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Nullo's avatar

TV etiquette question: is "I'm enjoying the quiet" equivalent to "I'm watching that" when asked if it's alright to change the channel?

Asked by Nullo (21978points) July 21st, 2011

Yes, the battle for the hell-box rages on. Today I muted and CCed Judge Judy, and subtly sabotaged the remote control.
Ten minutes later, one of my co-workers – rather senior, and about four departments over – came into the peaceful break room and, taking the remote, asked if anybody were watching what was on. I replied that I was most emphatically not watching TV, and would like to keep it that way, tyvm.
She replied to the effect that she could watch TV if she wanted to, and to emphasize her point started trying to work the sabotaged remote. We went back and forth for a few minutes, me arguing the unfairness (there is but one break room, and it’s a million degrees outside), she emphasizing that the break room had a TV so that people could watch it (leaning on one of the remote’s buttons the whole time). Honestly, the hardest part was keeping a straight face. Baffled by my foresight, she eventually abandoned the TV-watching.
But I ask you, dear Jellies: is “not watching TV” effectively the same as “watching TV that you don’t like”?

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12 Answers

jerv's avatar

I think that in such a situation, a coin-toss would be appropriate, Now, i there were more people on one side of the “quiet vs TV” debate then I would go with majority rules. However, I would have reminded her that the break room is there for people to take breaks; watching TV is merely how some people like to spend their break time.

Of course, I personally never use the break rooms any place I work simply because I like having a quiet place to enjoy a bit of solitude and get away from the masses. I would rather sweat my balls off than be in the same room with the people I need a break from just because there is A/C. I also have a smartphone, so I can watch stuff even when I am not inside ;)

woodcutter's avatar

It was one on one there. What if two or three or four came in and just wanted to look at TV?. Would you still be prepared to stand your ground? In my opinion even having a TV in a break room is a potential problem. It’s a break room not a lounge or is it?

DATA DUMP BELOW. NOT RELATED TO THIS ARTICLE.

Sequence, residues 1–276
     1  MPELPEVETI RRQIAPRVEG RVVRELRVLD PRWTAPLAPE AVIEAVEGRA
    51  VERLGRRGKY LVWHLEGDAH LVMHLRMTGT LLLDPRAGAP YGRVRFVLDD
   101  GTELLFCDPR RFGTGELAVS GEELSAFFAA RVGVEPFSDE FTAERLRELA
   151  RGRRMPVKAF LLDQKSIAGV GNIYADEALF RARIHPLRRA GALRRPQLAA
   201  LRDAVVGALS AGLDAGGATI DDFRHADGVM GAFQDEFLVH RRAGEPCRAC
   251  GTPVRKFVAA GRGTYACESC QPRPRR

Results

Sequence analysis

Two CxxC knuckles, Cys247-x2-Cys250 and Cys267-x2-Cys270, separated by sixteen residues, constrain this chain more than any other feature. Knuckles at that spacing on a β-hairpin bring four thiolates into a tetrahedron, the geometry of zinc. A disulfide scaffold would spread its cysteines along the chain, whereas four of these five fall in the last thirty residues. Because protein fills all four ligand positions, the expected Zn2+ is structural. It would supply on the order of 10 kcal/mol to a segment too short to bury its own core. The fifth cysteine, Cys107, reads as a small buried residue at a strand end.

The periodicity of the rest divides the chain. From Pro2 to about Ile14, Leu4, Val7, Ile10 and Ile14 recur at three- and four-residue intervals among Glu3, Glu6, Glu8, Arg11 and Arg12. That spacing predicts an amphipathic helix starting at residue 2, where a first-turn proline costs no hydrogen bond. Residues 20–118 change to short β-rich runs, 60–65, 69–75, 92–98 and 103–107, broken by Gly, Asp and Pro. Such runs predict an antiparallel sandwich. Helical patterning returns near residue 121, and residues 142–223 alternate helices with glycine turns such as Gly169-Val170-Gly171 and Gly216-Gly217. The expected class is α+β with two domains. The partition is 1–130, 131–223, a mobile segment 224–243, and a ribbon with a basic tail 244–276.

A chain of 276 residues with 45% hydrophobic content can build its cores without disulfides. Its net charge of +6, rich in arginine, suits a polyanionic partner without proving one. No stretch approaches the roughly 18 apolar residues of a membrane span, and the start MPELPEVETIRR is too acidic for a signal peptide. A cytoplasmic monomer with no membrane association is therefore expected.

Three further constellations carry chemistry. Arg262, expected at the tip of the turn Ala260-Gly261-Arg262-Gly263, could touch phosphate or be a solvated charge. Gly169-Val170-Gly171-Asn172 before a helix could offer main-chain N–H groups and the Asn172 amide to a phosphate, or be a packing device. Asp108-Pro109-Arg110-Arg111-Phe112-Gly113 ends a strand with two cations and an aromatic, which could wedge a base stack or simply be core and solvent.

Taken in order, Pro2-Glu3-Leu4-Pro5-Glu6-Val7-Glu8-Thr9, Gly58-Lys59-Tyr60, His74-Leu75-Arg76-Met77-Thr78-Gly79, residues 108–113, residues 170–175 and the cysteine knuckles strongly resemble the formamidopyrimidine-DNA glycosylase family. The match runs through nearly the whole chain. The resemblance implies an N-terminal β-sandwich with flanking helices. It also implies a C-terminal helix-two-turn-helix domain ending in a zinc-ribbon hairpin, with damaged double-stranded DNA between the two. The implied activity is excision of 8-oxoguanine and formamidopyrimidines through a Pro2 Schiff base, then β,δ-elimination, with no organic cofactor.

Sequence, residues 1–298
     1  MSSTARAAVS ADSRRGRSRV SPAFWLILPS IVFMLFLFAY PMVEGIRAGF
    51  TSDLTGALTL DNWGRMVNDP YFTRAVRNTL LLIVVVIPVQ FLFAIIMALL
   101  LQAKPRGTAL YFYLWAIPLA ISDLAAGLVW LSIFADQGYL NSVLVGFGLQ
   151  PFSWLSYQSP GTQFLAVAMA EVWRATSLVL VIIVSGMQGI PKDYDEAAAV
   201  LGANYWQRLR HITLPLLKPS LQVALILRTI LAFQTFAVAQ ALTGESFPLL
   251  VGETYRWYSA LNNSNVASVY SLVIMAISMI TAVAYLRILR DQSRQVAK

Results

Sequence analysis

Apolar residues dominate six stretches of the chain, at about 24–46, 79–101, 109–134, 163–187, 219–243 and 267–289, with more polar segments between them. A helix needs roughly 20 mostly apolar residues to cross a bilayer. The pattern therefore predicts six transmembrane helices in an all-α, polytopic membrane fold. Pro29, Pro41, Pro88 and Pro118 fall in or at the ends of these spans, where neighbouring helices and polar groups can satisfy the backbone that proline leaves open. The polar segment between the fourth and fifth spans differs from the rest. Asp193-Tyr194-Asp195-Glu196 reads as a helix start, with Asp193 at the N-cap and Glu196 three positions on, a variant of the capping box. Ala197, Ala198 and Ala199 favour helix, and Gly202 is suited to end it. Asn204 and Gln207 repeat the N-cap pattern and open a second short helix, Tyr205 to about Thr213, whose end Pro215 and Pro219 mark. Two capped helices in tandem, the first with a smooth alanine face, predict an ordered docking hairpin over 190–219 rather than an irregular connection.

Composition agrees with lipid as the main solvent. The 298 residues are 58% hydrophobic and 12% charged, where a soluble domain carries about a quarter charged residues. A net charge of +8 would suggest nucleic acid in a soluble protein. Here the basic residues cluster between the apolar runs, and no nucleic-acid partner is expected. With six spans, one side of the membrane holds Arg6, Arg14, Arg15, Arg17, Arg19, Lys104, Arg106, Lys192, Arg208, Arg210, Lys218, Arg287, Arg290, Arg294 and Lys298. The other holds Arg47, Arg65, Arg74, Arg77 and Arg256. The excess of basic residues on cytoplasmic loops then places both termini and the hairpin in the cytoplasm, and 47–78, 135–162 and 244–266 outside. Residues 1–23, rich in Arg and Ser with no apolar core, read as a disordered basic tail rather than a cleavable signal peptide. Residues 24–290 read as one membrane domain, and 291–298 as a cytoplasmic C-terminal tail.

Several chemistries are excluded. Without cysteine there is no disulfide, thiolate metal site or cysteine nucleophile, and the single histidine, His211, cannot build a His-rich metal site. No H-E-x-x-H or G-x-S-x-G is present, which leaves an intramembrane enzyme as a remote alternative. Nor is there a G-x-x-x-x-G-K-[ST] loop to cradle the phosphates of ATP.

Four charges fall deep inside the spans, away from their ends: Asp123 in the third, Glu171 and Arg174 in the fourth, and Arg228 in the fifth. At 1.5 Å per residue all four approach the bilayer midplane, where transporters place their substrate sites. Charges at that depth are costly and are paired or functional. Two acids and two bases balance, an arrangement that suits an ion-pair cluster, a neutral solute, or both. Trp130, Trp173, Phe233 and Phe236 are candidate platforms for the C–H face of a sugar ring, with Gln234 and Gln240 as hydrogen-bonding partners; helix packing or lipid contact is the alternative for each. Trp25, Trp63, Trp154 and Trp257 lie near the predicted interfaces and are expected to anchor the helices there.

Hibernate's avatar

No it is not. Not watching gives you time to focus on other things. I cannot stand people who make me watch / listen to what I don’t like when I ask them friendly not to do so. It is rather annoying.
I have to agree with @woodcutter Is that a break room to take a break or a lobby of some sort where one can switch the channels freely.

marinelife's avatar

I find TV almost assaultive. I hate it when they are in public places and you cannot control what is on or what volume it is at. (Had this in a doctor’s waiting room yesterday). I was longing to turn it off.

I would petition management to remove the TV from the break room.

JLeslie's avatar

Hysterical that you sabotaged the remote. Love it. What also entertains me is that she gave up when the remote did not work. I would think there is still a power button on the TV? U less it is locked in a glass box or something? I would say wanting the TV off is similar to you watchng a show I don’t care about, and so I would be ok with leaving it off if you requested, but not if it was a regular occurance. i would expect a compromise that sometimes the TV is on if we wound up in the break room together quite often.

Dutchess_III's avatar

I think that she can watch the TV if she wants, but the volume should be very low. It’s called a compromise. Really…what gives your preferences priority?

flutherother's avatar

It is not equivalent. If you are already watching a programme you have a right to be allowed to continue to watch it. If you come in to a quiet room and want to switch the TV on then I think you have a right to do that as well. Having said that the scene you describe so well would have been more amusing than anything the television had to offer.

jerv's avatar

@flutherother What if you are already watching silence and someone else comes in? Do you not have the same right to continue that as well? Part of it depends on who was there first. Even then, I think compromise is a better solution. You seem to be saying that the TV should be on unless everybody wants it off. Did I mis-read?

JLeslie's avatar

Here’s the thing, the tv room is the one place the tv is at work. Silence might be found in other places.

flutherother's avatar

I was thinking of a situation with two people. If there are more people you have to respect the majority. The majority are going to get their own way (unless someone cunning out foxes them.)

Dutchess_III's avatar

But, if there are only two people, a male and a female, the female gets her own way.

SavoirFaire's avatar

If the co-worker is asking if it’s okay to change the channel, she has already implicitly expressed a willingness to defer to whatever previous television-watching decision was made. It seems to me, then, that “I’m enjoying the quiet” is just as legitimate a response as “I’m watching that.” Both responses say “no, it is not okay to change the channel (or anything else about the current television situation).” If she was just going to impose her will on the room anyway, she shouldn’t have bothered to ask.

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